I think philosophy is very important. I belive that if we dont waste our time on such things as art, fun, and physical activities, and spend more time inside our own heads, then we can conclude just how meaningless society is. This of course is not conformist and therefore meaningless philosophy, but real philosophy.
Michael - Re: goals on life: If I was assigned an essay to write about something that makes me happy, I would probably just interpret the assignment as "write about anything". Nobody can prove that what you wrote about isn't what makes you happy, especially if you argue that it does in the essay. So I think I would write the essay in a way that best proves the pointlessness of being happy. The thesis could be something like "it makes me happy when I think about how I have realized the pointlessness of being happy, and how I won't waste any more time with various activities that society makes us believe are necessary to lead a happy life".
It would be nice if there was a way you could verbally demonstrate to the teacher the pointlessness of the assignment. I never had the conversational skill myself to do this, but it might be possible. One problem that is especially difficult to overcome is that it takes a lot of time to think of convincing arguments to prove people wrong. I suppose one could say something like "by giving us this assignment you are implicitly promoting this society's ideology, which states that individual happiness is the goal of life. Why, for example, do you not assign us an essay, telling us to write about something that makes us feel hatred? Because you are trying to encourage and make us feel that happiness is a good thing, and hatred is a bad thing. When looked at objectively, however, both are just human emotions and neither can be said to be superior."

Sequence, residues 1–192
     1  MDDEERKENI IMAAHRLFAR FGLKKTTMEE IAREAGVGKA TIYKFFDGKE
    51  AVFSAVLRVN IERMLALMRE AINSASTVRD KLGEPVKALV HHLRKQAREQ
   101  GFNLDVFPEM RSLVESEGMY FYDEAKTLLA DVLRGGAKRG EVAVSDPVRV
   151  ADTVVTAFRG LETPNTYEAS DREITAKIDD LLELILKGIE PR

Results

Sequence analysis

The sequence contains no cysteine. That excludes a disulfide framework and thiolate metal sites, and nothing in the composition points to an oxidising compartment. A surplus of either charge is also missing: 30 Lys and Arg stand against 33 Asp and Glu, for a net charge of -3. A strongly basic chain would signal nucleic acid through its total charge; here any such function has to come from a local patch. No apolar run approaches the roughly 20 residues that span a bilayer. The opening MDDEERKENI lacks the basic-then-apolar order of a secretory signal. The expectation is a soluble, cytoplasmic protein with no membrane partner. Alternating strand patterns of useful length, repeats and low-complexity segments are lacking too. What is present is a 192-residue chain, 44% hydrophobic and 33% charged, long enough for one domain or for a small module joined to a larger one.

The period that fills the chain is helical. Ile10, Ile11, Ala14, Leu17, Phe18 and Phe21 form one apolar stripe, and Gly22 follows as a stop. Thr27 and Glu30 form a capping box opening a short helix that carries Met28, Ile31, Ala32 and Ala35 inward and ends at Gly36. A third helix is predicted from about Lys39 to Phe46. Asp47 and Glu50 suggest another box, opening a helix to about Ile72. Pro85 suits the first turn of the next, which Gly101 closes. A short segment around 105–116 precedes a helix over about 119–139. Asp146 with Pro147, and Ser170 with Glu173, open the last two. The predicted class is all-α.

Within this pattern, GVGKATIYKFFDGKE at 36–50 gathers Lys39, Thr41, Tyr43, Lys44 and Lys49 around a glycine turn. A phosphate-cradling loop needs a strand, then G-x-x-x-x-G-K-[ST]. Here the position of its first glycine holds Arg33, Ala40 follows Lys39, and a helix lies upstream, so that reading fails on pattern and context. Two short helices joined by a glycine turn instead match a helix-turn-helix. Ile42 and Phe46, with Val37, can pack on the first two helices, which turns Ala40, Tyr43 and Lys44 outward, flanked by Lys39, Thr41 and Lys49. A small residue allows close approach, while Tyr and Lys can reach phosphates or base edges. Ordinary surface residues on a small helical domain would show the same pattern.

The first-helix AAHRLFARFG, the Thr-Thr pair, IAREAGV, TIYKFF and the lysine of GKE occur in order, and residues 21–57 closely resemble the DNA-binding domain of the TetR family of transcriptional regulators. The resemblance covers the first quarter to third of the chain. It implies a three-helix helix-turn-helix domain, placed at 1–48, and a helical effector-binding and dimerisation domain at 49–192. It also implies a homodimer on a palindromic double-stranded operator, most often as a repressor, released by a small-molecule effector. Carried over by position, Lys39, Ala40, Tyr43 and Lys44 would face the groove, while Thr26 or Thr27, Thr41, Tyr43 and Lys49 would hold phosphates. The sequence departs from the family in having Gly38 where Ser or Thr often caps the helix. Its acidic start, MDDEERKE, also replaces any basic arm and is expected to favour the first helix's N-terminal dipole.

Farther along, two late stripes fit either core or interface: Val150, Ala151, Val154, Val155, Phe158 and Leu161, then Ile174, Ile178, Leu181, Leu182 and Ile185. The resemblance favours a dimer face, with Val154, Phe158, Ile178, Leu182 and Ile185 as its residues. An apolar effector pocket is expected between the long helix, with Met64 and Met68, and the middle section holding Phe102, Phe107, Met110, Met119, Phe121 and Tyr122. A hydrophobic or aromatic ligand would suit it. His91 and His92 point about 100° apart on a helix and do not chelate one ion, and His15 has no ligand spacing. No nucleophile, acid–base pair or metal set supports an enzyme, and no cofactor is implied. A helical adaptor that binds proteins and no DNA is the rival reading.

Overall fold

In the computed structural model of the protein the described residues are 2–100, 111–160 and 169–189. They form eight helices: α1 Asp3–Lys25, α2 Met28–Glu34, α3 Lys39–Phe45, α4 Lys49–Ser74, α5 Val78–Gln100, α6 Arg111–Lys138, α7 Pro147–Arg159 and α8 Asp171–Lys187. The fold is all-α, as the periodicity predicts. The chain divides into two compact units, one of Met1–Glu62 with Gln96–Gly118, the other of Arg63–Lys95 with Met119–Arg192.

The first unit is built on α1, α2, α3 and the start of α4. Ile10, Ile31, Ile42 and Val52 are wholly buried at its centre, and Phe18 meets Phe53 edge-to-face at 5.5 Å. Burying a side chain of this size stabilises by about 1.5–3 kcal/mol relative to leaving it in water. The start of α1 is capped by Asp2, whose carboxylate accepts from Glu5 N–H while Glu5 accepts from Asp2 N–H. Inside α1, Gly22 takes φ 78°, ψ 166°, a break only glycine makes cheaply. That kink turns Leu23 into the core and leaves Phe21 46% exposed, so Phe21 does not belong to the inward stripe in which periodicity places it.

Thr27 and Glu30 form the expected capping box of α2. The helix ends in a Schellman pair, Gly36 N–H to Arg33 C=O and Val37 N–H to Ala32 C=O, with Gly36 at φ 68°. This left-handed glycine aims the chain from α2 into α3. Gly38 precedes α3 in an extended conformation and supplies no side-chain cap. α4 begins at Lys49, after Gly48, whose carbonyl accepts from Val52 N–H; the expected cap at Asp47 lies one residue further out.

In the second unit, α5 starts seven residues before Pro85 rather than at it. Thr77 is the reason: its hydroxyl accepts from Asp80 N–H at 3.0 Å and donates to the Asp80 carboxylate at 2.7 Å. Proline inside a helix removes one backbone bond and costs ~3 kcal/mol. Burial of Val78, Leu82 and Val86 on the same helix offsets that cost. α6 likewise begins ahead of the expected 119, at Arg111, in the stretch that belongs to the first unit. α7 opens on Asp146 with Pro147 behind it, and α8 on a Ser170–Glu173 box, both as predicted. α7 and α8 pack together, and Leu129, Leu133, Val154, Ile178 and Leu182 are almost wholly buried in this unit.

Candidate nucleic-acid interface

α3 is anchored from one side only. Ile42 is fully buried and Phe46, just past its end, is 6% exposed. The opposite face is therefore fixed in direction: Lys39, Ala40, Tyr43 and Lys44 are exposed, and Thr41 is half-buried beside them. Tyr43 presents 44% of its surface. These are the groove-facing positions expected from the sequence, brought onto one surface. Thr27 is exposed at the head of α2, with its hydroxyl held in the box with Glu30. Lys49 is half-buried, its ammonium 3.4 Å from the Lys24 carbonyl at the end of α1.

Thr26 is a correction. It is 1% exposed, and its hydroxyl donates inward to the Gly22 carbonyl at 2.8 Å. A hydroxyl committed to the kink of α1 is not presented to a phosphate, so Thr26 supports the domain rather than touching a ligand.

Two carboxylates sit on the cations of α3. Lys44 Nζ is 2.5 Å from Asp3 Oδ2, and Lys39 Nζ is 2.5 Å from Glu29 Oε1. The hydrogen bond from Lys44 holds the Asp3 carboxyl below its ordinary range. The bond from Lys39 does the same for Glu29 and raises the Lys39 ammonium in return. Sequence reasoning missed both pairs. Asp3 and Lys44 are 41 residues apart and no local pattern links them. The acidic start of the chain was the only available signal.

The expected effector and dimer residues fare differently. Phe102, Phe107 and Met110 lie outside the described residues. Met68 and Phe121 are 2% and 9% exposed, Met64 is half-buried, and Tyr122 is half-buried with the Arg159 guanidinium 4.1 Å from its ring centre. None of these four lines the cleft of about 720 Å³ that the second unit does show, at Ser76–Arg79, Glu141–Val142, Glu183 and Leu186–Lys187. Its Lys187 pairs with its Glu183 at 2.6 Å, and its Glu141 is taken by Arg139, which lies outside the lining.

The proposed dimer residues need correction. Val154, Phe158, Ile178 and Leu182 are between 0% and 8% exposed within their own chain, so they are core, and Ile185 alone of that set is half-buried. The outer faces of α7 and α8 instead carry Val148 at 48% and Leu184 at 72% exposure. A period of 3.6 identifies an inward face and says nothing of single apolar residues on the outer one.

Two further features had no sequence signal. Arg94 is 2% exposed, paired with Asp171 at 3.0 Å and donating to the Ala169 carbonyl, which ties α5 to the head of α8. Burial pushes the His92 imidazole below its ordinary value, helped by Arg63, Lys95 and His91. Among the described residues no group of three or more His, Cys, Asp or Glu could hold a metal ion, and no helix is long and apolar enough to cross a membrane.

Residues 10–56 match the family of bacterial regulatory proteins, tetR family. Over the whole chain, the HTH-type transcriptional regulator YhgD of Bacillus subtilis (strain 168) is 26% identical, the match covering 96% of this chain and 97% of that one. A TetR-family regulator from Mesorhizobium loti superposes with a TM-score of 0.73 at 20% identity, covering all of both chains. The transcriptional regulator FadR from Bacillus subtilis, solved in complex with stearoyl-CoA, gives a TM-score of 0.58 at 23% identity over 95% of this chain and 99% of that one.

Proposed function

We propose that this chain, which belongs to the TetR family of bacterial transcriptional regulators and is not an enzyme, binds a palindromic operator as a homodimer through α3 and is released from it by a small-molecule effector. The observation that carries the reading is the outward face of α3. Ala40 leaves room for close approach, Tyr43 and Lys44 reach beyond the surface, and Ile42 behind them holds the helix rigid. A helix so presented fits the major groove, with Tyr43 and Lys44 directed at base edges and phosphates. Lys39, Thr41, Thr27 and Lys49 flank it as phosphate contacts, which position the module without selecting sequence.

I don't think I have the skill to make up something like that in a real situation, but at least it seems theoretically possible to make the teacher and the rest of the class look stupid by articulating a contradicting point of view.
By the way, every Saturday at 9am (PDT) and 12noon (EDT), we hold a conference in a chat room. There are up to four of us right now who attend this, and we talk about various topics, usually focusing around how to change society. If you're interested, I can give you the details on how to join us. Just let me know.
Candidate - arguing with people: Thank you for the ideas. Untill I figure out an effective argument to our cause i have decided to just avoid talking to people about the subject, no matter how hard it is to keep quiet when people throw their lives away to society.
I was wondering, do you have any heroes or idols? I want to know if anyone is even worth looking up to. Some of mine right now are Malcom X, Muhammad Ali ( not for his boxing skill but more for resist the draft) and Mumia Abu-Jamal. I am interested in hearing your response on this question.
I am of course interested in the saturday meetings and would like to have more details on how to join them.
Michael - Re: arguing with people: Today's Saturday meeting was postponed until tomorrow at noon EDT, 9am PDT. All you have to do is ... [went on to explain technical details on how to join]
I do not have or ever had a true idol in the past. I have studied how a few of the great historical figures (Einstein, Hitler, Kant, and a few others) have lived their lives, but I didn't look up to them.
A few more e-mails were exchanged in which the candidate briefly expressed interest in attending the conferences, but he stopped communicating without ever attending a conference.